A lead-in safety study followed by a phase 2 clinical trial of dabrafenib, trametinib and hydroxychloroquine in advanced BRAFV600 mutant melanoma patients previously treated with BRAF-/MEK-inhibitors and immune checkpoint inhibitors

Research output: Contribution to journalArticle

Abstract

Patients with advanced v-Raf murine sarcoma viral oncogene homolog B V600 (BRAFV600) mutant melanoma who progressed on prior treatment with v-Raf murine sarcoma viral oncogene homolog B (BRAF)/mitogen-activated protein kinase kinase (MEK) inhibitors and programmed cell death 1 or cytotoxic T-lymphocyte-associated antigen 4 immune checkpoint inhibitors can benefit from retreatment with the combination of a BRAF- and a MEK-inhibitor ('rechallenge'). Hydroxychloroquine can prevent autophagy-driven resistance and improve the efficacy of BRAF-/MEK-inhibitors in preclinical melanoma models. This clinical trial investigated the use of combined BRAF-/MEK-inhibition with dabrafenib and trametinib plus hydroxychloroquine in patients with advanced BRAFV600 mutant melanoma who previously progressed on prior treatment with BRAF-/MEK-inhibitors and immune checkpoint inhibitors. Following a safety lead-in phase, patients were randomized in the phase 2 part of the trial between upfront treatment with dabrafenib, trametinib and hydroxychloroquine (experimental arm), or dabrafenib and trametinib, with the possibility to add-on hydroxychloroquine at the time of documented tumor progression (contemporary control arm). Ten and four patients were recruited to the experimental and contemporary control arm, respectively. The objective response rate was 20.0% and the disease control rate was 50.0% in the experimental arm, whereas no responses were observed before or after adding hydroxychloroquine in the contemporary control arm. No new safety signals were observed for dabrafenib and trametinib. Hydroxychloroquine was suspected of causing an anxiety/psychotic disorder in one patient. Based on an early negative evaluation of the risk/benefit ratio for adding hydroxychloroquine to dabrafenib and trametinib when 'rechallenging' BRAFV600mutant melanoma patients, recruitment to the trial was closed prematurely.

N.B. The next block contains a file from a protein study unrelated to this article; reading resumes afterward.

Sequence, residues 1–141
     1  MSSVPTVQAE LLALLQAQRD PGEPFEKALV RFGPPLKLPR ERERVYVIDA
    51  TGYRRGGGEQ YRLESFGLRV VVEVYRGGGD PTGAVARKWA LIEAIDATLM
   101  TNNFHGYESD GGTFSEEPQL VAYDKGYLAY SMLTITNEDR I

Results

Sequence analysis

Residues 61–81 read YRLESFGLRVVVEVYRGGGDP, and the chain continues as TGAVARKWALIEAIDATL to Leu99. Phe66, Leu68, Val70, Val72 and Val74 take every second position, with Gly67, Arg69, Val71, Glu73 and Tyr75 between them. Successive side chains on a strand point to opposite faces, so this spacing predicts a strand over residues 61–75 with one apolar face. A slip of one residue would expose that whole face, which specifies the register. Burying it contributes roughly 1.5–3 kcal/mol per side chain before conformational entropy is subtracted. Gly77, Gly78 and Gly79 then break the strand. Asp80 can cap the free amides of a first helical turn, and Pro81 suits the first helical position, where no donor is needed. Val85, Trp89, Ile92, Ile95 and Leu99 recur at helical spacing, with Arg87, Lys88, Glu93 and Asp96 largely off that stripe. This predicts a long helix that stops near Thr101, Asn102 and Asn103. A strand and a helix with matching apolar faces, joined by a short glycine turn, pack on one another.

Original languageEnglish
Pages (from-to)183-191
Number of pages9
JournalMelanoma Research
Volume32
Issue number3
Early online date2022
DOIs
Publication statusPublished - 1 Jun 2022

Bibliographical note

Copyright © 2022 Wolters Kluwer Health, Inc. All rights reserved.

Keywords

  • lead-in safety study
  • phase 2 clinical trial
  • dabrafenib
  • trametinib
  • hydroxychloroquine
  • advanced BRAFV600 mutant melanoma patients
  • BRAF-/MEK-inhibitors
  • immune checkpoint inhibitors

Fingerprint

Dive into the research topics of 'A lead-in safety study followed by a phase 2 clinical trial of dabrafenib, trametinib and hydroxychloroquine in advanced BRAFV600 mutant melanoma patients previously treated with BRAF-/MEK-inhibitors and immune checkpoint inhibitors'. Together they form a unique fingerprint.

Cite this